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Is it possible to programmatically pull a single file from a decently sized .tar.gz without extracting the entire tarball to disk? Essentially I need to get inside large tar.gz files over the network and extract 1 small text file. It seems somewhat over-the-top to pull and extract the tarball to disk, then pull the file out, then delete everything else. Also I'm going to be doing this recursively (e.g. package dependencies, each text file points to more tar.gz's), so the less network traffic and cpu cycles I can get away with, the better.

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Nah, it's bash related. And bash is programming (kind of). –  Matt Joiner Aug 12 '10 at 16:54
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@Matt Joiner: It's not really bash-related. It's a usage question for a common system utility that can be called from any shell, not just bash. But yes, programming in bash is indeed program, despite what you may have heard sometimes here. –  Jefromi Aug 12 '10 at 16:57
    
Yeah, I thought about SU but it's inside a relatively complex bash script, and it's going to be run via machine not by a user, so I figured it was a little more SO than SU. –  tj111 Aug 12 '10 at 16:57
    
Well, I don't personally mind; not about to start a crusade or anything. But I've seen questions plenty more programming-related migrated to SU. (And really, though you're using it for programming, the answer doesn't depend on that.) Oh well. Rep for me! –  Jefromi Aug 12 '10 at 17:03
    
Good point. I really don't mind either way, that was just how I was looking at it. –  tj111 Aug 12 '10 at 17:11

2 Answers 2

up vote 18 down vote accepted

From the man page, to extract blah.txt from foo.tar.gz:

tar -xzf foo.tar.gz blah.txt

(And this goes on superuser, of course, but hey, prompt answers are nice too.)

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Will this work if the file is located in a sub-directory inside the tar.gz structure? –  tj111 Aug 12 '10 at 16:56
    
With modern versions of GNU tar, you don't have to specify the 'z' option on extract - it will deduce that itself (and similarly with the 'j' option for bzip2 compressed files). When creating the file, you do need the option to tell tar what to create - so symmetry does no harm whatsoever. –  Jonathan Leffler Aug 12 '10 at 16:57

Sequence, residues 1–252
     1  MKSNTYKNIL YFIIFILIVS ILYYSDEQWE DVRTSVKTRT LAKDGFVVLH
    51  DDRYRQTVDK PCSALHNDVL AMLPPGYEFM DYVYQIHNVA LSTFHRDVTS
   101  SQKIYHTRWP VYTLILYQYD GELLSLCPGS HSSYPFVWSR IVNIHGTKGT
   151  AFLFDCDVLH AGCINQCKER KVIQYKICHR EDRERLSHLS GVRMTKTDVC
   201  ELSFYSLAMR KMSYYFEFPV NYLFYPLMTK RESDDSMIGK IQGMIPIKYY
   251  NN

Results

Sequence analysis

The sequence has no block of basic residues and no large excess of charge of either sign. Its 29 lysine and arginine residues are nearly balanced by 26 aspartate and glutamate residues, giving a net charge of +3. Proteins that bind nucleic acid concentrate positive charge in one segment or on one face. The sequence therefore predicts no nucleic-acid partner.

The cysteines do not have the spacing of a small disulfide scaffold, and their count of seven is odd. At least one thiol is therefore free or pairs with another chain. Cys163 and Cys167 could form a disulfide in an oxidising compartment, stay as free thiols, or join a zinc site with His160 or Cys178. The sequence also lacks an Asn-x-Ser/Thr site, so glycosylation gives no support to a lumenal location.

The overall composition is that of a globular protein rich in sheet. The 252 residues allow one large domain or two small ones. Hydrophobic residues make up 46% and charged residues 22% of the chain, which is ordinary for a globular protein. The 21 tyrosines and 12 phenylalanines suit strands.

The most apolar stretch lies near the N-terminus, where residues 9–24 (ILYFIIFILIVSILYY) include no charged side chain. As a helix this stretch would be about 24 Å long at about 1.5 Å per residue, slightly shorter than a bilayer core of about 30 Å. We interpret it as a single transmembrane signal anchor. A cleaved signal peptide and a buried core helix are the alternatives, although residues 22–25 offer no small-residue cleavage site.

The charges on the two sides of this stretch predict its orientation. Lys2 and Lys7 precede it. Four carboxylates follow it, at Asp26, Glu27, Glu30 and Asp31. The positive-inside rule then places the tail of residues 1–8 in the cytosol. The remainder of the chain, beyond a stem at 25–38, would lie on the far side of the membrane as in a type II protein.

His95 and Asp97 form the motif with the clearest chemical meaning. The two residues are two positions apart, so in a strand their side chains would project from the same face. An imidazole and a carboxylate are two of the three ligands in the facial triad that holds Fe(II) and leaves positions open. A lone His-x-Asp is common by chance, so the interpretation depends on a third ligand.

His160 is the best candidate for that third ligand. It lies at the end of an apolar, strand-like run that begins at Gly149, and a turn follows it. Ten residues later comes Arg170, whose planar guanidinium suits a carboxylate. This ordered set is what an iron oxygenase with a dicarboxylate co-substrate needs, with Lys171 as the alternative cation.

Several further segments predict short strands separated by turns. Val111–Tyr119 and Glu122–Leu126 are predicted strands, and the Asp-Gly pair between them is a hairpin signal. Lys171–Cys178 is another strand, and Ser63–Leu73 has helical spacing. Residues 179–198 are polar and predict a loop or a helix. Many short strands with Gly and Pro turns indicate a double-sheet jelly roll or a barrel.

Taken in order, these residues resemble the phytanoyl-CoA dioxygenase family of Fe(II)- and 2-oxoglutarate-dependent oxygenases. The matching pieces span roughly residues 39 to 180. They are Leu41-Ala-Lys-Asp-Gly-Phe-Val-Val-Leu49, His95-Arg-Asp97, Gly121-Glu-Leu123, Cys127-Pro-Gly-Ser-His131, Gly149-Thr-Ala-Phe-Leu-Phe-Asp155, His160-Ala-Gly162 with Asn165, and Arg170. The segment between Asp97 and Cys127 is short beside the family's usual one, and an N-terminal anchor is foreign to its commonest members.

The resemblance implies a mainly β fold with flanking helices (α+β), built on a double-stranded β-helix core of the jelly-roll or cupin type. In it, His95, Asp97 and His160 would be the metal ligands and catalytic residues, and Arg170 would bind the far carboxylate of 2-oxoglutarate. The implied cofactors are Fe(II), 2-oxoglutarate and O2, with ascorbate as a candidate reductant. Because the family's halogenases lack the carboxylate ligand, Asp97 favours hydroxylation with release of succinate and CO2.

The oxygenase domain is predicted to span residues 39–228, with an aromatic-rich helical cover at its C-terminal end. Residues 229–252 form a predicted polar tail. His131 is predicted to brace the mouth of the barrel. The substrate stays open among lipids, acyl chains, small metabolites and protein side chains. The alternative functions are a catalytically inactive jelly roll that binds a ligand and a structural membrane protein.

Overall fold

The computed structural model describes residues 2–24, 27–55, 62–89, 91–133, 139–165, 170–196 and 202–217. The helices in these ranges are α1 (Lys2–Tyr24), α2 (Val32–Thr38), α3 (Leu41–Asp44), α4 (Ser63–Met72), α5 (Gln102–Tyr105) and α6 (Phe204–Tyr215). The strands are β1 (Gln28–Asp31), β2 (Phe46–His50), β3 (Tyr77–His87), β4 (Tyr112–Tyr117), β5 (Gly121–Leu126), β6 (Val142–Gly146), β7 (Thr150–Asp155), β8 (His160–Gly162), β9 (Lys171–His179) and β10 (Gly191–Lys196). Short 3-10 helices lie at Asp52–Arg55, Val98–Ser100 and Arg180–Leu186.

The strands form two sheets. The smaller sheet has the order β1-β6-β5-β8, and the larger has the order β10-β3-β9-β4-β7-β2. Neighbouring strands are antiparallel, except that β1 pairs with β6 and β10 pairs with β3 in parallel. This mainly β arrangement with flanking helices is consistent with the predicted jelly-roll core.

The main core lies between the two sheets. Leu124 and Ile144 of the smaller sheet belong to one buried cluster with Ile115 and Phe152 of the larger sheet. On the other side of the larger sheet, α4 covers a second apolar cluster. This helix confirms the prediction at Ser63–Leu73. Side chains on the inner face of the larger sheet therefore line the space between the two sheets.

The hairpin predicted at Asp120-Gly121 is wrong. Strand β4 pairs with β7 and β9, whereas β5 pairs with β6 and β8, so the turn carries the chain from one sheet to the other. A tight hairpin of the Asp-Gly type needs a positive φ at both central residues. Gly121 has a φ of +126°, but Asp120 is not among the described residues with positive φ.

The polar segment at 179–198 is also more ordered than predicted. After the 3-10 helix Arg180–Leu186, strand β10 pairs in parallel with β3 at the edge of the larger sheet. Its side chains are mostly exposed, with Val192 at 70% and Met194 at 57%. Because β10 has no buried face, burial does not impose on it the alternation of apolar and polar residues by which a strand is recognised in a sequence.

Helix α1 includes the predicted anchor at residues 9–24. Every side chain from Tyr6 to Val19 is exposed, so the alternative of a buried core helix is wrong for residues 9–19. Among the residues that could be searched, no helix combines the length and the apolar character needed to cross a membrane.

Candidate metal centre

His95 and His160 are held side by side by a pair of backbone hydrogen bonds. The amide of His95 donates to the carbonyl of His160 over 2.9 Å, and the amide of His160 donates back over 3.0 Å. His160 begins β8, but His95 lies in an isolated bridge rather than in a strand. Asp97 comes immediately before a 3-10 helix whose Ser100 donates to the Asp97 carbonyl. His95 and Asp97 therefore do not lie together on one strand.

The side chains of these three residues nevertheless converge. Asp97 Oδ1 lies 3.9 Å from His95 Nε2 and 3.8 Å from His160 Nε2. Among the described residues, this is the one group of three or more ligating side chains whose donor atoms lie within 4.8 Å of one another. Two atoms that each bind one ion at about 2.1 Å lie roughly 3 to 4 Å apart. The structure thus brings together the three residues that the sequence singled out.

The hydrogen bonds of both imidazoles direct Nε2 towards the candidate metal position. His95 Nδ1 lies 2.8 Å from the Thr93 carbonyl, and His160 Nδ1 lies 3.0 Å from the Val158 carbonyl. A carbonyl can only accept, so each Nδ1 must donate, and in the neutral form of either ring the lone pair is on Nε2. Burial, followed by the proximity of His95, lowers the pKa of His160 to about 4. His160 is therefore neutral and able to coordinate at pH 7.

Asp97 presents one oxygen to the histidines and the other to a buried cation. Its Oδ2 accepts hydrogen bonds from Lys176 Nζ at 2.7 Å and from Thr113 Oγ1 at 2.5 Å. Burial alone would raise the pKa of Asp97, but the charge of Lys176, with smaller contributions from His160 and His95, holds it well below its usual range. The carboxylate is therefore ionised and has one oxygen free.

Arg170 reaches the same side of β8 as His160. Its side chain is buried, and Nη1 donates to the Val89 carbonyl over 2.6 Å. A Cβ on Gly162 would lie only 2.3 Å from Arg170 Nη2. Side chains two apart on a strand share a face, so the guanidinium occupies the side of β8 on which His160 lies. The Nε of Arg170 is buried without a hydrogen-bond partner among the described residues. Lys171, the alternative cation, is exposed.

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@tj111: if the file name in the tar file is xyz/pqr/abc.txt, that is what you specify in the command line. You can use shell-style metacharacters too: xyz/pqr/* will extract all the files in all the sub-directories under xyz/pqr. Just be wary of whether the shell expands the '*' for you - use quotes to stop it doing so. –  Jonathan Leffler Aug 12 '10 at 16:59
    
@tj111: Yes, of course. And it will create the directories to hold the single file. –  Jefromi Aug 12 '10 at 17:00
    
@Jonathan Leffler: Yeah, true; I thought about that, but figured I'd quote the manpage literally. –  Jefromi Aug 12 '10 at 17:01

I echo Jefromi's answer, with the addition of including the path to the file if you have directories in the tar file (this may seem obvious to some, but it wasn't initially clear to me how to specify the directory structure).

For example, if you did the tar at the src/ directory, and blah.txt was under release1/shared/, you would go back to the src/ directory (if you want it untarred at the same place)

tar -xzf tar.gz release1/shared/blah.txt

If you don't remember the directory structure of your tar file (I'm a little disorganized and sometimes forget where I did the tar), you can always

tar -tzf tar.gz

to see the contents, canceling out (Ctrl+C) once you get an idea of your directory structure.

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Thanks for this. Although it appears you need a ./ in front of the directories for whatever reason to scan into them. e.g. tar -xzf tar.gz ./release1/shared/blah.txt –  tj111 Aug 12 '10 at 17:53

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